Posts Tagged ‘brush’

MAKE IT LAST

TUTORIAL + PHOTOGRAPHY BY AMY NADINE, GRAPHIC DESIGN BY EUNICE CHUN

TUTORIAL + PHOTOGRAPHY BY AMY NADINE, GRAPHIC DESIGN BY EUNICE CHUN

The number one question and concern I get asked is “how do I get my foundation to stay on all day… I put it on at 7am before work then look in the mirror around 3 and it’s all gone!” I used to have the same problem too and would have to reapply it later. But who has time for that? So after years of trying anything and everything that I could get my hands, this is what I’ve found that works. Not only on me, it works on my clients as well. Hallelujah!!

It comes down to these three tips and techniques:

  1. first apply foundation with a buffing brush to really work it in (you can choose a longwear foundation but I’ve found those just sit on the surface of my skin and come off on my phone),
  2. then stipple the powder on instead of sweeping it across and
  3. finish with a setting spray.

Please try it this week and check in the mirror around 3pm and see if it worked! Here’s how:

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TOOLS:

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STEPS:

  1. Apply foundation over your face and neck using the kabuki buffing brush. Instead of sweeping the brush across, buff and press it into the skin so it becomes one with everything. Repeat in areas where you might need more coverage.
  2. Apply the rest of you makeup as usual. You can leave mascara off until after step 4 if you’re like me and want to triple ensure that it won’t run.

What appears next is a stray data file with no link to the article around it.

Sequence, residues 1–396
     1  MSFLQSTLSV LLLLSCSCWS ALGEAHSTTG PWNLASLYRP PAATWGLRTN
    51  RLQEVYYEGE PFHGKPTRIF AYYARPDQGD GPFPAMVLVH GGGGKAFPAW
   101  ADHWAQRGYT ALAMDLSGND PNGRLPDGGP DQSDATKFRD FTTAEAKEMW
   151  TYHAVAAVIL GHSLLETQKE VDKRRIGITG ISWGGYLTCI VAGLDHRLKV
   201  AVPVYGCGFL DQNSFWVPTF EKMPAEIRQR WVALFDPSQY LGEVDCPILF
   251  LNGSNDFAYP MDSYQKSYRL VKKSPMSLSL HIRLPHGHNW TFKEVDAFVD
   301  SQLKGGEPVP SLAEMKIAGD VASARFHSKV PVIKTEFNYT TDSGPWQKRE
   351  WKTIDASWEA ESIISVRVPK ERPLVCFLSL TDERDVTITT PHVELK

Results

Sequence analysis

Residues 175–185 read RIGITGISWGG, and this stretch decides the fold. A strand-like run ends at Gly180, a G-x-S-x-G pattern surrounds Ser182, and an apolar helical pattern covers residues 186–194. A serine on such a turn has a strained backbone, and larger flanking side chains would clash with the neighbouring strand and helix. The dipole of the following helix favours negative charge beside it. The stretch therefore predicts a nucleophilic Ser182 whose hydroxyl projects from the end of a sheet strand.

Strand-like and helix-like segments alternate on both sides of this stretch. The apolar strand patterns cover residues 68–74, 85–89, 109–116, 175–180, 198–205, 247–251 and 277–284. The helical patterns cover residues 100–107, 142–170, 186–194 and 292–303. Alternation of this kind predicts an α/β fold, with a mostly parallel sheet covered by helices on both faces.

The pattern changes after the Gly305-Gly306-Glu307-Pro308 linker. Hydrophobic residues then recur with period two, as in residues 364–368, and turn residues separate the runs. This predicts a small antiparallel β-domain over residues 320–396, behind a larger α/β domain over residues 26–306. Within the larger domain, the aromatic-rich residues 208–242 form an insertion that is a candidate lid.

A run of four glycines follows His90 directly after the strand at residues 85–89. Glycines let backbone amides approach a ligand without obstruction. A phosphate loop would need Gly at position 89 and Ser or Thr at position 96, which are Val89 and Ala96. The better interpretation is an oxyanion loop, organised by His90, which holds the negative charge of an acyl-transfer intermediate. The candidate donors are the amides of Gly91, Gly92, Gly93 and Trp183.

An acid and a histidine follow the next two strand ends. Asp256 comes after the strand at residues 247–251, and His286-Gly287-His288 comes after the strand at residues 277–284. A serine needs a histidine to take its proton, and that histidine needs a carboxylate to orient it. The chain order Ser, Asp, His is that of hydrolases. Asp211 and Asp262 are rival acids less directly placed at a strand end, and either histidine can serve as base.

3. Load up the powder brush with powder, give it a quick tap against the counter or lid to remove a little of the excess. Again, instead of sweeping it across your face, press and stipple it over and over until you’ve covered everything. This really pushes the powder into the makeup.
  4. Finish by spritzing the setting spray over your entire face. Hold the bottle at least 6 inches away from your face and be sure to close your eyes and your mouth.

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COMPLETE THE LOOK:

Lacy is wearing my new favorite eye palette for Fall, Lime Crime’s Venus The Grunge Palette, Eyeko Eye Do Mascara, Urban Decay Heavy Metal Liner in Midnight Cowboy, Benefit Majorette Blush and Too Faced Melted Longwear Liquified Lipstick in Melted Berry.

 

A ROSY FLUSH

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Yes of course you can use only one blush shade. But there’s something beautiful that happens when you combine a warm shade across the whole cheekbone, a cool shade to pop the apple and a shimmer shade to highlight everything! Sometimes a cool tone by itself can come off a little clowny and needs the support of a warm shade. Sometimes a warm shade doesn’t pop enough without a splash of a cool tone. And both cool and warm shades come to life with a little shimmer to draw the attention to the cheekbones. Here’s how to create a flush inspired by roses:

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TOOLS:

  1. A Warming Shade — I used Tarte Chic to Cheek Amazonian Clay Blush in Classic (check out the value in this holiday set!) but you can use any warm-toned powder blush. Think peach, warm nudes or apricots. I used the Charlotte Tilbury Powder & Sculpt Brush because of its perfect shape to apply then blend back and forth on its side.
  2. A Pop Shade — I used Dior Rosy Glow Awakening Blush in Petal but again, you can use any cool-toned powder blush. Think pink, fuchsia… anything blue based. I love to use this MAKE UP FOR EVER Blending Blush Brush for swirling on the apples of the cheeks.
  3. A Highlighting Shade — I used Maybelline Mineral Powder Illuminator but you can use your favorite highlighting shimmer powder. I used the Armani Round Eye Contour Brush because it’s really fluffy like a blush or powder brush but gives way more precision.